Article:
Identifying international knowledge partnerships

With my colleagues Kerstin Tebbe and Bruno Laporte I just had an interesting design conversation for a session in which they want to help the members of a water basin commission better understand with whom they have knowledge exchange partnerships. We realized soon that this is not going to be a Net-Map session or a session of some squeezed out, shrunk down little cousin of Net-Map. So the proposed steps are the following:

  1. All 20 participants (individually) write the names of the commission’s most important and reliable knowledge partners on index cards (with thick marker and great handwriting). The cards are color-coded by categories, e.g. government on green cards, civil society on red.
  2. They put all cards on a large table and start looking for duplicates – if both of us wrote University of XYZ, we stack these cards to reduce the number of cards we are dealing with.
  3. Depending on the number of remaining cards (judgment call in the situation), they instruct the group to get up and take all cards (or only those of actors that have been mentioned at least twice), and walk to a large, sketched  map on the floor of the 5 countries involved. They distribute the actor cards on the map, according to the country the actor is located in.
  4. As this very rough geographical actor map emerges, the participants consider a number of questions: Do we have stronger networks in some countries than others? Are some colors (i.e. actor categories) overrepresented on the map – or in some countries? Who is missing? What is the difference between the stack of cards I produced on my own and the map that emerged as we started putting it all together? How can we, as a group, access this whole richness, instead of just our own little corners?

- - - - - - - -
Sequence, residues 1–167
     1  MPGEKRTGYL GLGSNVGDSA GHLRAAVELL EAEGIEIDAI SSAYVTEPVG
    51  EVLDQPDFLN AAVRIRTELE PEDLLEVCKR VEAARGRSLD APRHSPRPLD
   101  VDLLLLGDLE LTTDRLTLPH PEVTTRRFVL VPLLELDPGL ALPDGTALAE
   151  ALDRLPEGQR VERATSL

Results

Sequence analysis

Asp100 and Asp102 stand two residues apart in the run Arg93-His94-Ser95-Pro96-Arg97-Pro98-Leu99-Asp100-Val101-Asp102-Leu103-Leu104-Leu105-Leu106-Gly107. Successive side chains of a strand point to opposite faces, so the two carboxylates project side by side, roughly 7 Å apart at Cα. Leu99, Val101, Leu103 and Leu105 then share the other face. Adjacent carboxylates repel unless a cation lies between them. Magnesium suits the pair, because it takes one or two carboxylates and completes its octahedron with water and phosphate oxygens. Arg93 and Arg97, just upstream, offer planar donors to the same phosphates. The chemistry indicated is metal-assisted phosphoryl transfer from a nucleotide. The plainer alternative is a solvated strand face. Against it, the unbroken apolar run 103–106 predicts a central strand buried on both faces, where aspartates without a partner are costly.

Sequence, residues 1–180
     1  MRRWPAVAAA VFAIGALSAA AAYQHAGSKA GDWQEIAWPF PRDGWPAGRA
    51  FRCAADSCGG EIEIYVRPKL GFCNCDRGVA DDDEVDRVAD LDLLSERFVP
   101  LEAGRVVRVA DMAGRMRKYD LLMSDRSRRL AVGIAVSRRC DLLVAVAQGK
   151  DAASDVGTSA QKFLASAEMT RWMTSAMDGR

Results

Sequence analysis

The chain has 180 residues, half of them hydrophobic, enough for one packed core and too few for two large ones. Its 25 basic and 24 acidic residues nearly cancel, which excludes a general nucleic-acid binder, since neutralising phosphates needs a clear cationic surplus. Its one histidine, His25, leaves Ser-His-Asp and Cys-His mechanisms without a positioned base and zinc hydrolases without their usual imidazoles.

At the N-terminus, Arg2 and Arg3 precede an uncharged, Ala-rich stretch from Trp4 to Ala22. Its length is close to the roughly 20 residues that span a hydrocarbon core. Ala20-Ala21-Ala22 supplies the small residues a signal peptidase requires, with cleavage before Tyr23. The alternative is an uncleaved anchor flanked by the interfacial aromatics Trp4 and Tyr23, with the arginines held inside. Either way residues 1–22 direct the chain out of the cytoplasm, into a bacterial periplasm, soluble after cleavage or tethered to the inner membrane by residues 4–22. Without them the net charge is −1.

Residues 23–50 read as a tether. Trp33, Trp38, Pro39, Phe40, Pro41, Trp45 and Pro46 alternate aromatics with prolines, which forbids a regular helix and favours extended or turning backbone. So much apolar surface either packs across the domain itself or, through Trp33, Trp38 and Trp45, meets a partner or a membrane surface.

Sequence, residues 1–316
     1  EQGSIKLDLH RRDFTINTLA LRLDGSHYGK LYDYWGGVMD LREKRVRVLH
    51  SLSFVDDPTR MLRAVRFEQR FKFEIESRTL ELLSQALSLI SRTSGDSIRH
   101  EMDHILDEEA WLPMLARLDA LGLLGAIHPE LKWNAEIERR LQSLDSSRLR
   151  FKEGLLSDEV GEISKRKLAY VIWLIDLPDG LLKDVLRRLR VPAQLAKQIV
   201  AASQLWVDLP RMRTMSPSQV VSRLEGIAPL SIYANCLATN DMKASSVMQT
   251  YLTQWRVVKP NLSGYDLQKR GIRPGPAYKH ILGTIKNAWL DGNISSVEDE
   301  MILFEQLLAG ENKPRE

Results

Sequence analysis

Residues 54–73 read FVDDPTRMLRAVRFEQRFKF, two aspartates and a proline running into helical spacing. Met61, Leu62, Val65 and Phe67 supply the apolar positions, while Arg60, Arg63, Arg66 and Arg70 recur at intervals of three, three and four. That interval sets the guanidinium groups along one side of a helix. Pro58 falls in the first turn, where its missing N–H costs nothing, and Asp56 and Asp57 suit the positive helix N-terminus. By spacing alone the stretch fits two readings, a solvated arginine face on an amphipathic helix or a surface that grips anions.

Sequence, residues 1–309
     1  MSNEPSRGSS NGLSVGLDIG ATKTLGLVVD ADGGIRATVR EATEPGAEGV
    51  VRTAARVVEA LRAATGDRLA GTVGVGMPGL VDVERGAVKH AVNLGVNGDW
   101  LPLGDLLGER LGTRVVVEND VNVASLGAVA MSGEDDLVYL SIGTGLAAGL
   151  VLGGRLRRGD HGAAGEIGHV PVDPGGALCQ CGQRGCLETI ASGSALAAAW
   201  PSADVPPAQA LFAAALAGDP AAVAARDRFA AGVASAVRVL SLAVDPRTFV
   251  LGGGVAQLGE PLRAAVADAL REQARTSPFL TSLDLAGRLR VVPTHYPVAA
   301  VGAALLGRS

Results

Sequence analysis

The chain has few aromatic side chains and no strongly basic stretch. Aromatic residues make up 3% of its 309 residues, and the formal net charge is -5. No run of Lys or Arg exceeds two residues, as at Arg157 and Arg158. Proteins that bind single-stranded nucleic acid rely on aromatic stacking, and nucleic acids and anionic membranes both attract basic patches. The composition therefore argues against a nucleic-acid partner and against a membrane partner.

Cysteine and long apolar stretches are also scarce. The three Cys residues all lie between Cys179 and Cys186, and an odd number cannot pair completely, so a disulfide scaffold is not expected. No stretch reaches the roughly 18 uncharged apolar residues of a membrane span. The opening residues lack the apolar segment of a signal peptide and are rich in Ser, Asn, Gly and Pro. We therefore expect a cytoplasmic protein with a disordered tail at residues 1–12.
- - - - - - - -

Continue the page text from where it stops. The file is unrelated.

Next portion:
This activity is located at the start of a longer engagement to improve the knowledge exchange and management of this organization, so they don’t have to answer all the questions in the world, the goal is rather to get the conversation started, to invite the complexity into the room without being overwhelmed.

I am curious to hear what you think about this? Would it work in your context? Can you think of something which would even sharpen or further enrich the activity? Have we overlooked a critical risk? And, don’t you love the artwork above, which Tara Donovan (picture credit) created out of thousands and thousands of index cards?

How to get strategic insights from Net-Map

Just a bowl of spaghetti with toys on top?

So, you have done the mapping, in front of you a messy bowl-of-spaghetti-with-toys-on-top-diagram and your participants or clients ask you:

 

So what do we do now? What does this mean?

While the content of the answer will be different in every case, here are some guiding principle to direct your eyes and your thought when looking for strategic insights from a Net-Map: In general three issues are considered: Actor Influence, Goals and Connections, with the following lines of thought:

Influence

  • Influential actors who can harm / support
  • Increasing or decreasing actor influence
  • Diverse sources of influence

Goals

  •  Understanding reasons / motivations / fears / aspirations behind goals
  • Working with, connecting, strengthening positive actors
  • Dealing with, mitigating risk concerning negative actors
  • Changing actor goals toward more positive

Connections

  • Network patterns and their effects (e.g. centralization vs. decentralization, boundary spanners, disconnected silos)
  • Tension or reinforcement of formal vs. informal links
  • Connections which create destructive forces in the system
  • Missing links
  • Connecting positive actors (coalition), understanding negative coalitions, engaging mixed actors
  • Dividing negative actors